**Hey guys! Let me know what you think of my new reviewing format! I’m going to be using this template in an effort to make more accurate and unbiased – or at least informative – reviews!**
First, the two main reasons that people are going to have issues with this book: The excessively hateable hot and cold of Daemon and blame it on the ‘mones (hormones) mentality.
Second, the reason they didn’t relatively impact my rating: The writing was freakin’ good, even when the characters were being stupid/annoying/generally unbearable.
Third, the moment I fell in love with this story:
“I hated Daemon Black—if that was even his real name—with the vengeance that equaled the solar power of a thousand suns … The son of a bitch blew up my laptop.”
How many stars do I give this? A solid 3.98. Because my god the writing is addicting! Even when I thought people were being dumb or I was having a WTF Mate moment! It’s that good.
Let’s begin with The Butterfly Inducing Writing.
What I enjoyed personally:
That Armentrout has once more brought me into this fairly fantastical and slightly unrealistic story with no qualms. Aliens? No problem. Crazy dark shadows coming to get you? Sure thing. Sexy boy next door who is so ‘effing mean you have to like him? Yep, still there with you. Really, it didn’t matter what was going on, I still bought it because Armentrout successfully drew me in with her writing. Katy was consistent, even when she felt like she was all over the place. Being in her head effectively made me feel like I was her—both loving and hating Daemon right along with her. It was great. Armentrout is very effective with the first person and puts you right smack dab in the middle of what our MC is feeling.
What I felt was a little questionable:
There were mistakes. Spots where the story seemed to jump forward—weren’t they just on her porch? How are they now walking in the forest? I wasn’t sure if these scenes were maybe forgotten/meant to be added to before the final product or if it was a transition issue, but I noticed it a couple of times and felt it was a little jarring. These were the only moments that really took me out of the story and I didn’t appreciate that. Thankfully, they were few and far between.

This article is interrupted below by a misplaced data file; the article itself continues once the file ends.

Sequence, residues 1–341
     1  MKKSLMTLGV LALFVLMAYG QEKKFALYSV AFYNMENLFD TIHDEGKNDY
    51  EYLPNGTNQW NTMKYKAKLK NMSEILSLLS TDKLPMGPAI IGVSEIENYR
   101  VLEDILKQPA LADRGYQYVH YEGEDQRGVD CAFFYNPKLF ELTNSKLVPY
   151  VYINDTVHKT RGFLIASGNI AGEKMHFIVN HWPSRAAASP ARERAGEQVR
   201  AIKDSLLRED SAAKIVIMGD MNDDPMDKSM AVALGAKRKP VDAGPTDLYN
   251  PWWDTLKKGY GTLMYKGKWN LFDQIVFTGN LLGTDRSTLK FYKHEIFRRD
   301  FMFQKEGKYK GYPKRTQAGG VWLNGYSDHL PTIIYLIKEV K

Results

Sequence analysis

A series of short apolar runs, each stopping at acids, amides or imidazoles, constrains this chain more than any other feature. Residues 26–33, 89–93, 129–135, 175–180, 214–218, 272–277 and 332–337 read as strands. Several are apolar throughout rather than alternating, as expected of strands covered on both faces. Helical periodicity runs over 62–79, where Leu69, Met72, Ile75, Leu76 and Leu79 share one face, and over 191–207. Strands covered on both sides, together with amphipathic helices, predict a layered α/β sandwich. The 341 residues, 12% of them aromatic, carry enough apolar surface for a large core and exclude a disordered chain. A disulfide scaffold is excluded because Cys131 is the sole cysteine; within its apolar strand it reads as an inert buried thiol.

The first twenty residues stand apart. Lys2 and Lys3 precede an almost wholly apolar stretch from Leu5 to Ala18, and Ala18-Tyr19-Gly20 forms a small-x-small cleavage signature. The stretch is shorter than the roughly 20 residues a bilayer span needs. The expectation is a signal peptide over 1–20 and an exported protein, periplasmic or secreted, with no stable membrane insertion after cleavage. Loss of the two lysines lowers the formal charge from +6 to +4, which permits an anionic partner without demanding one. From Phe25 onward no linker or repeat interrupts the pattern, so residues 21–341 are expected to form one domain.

Moving on to The Twilight With Aliens Story.
What I liked:
That there was no insta-love. Yes, there is no denying that Katy was instantaneously drooling over Daemon—and really, can you blame her?—but as soon as he speaks, she hates his guts. It’s really quite refreshing. They both try so hard to hate one another, to not let the other get under their skin, that it moves the story along mostly through romance (once more, the “genre” of the piece is merely a vehicle for romance) without making you want to gag about how goo-goo they are over each other. I really appreciated that.
I also liked the “other form” of the Luxen. I won’t get into specifics here, because I’m trying to stay spoiler free, but I will mention that their other form is humanoid but with some noticeable differences. It’s a little weird, but I liked that they weren’t just basically humans from another planet. They are intrinsically different and I think that adds more credence to the whole love story. It’s real love if you can overlook such a large difference, yeah?
What I didn’t like:
How much of a jerk Daemon is.
Okay, let me clarify, I hated that he was such a jerk to Katy—and that she still liked him/spends time with him regardless. Now, it’s not so simplistic as all of that. There are reasons which sort of justify it all, but in the end, Daemon is such a jerk to her—whether he actually cares or not is besides the point—that it’s really hard to think “hm, I can totally see myself overcoming this small personality flaw to see the inner beauty”. Because, really, when a guy’s a jerk, he’s a jerk. Period. Chances are, you’re not going to change him. And there are reasons/explanations, blah blah blah, but it made it really hard to see why Katy was so hung up on him (I don’t care how sexy he is) until really late in the book. That’s slightly problematic for me.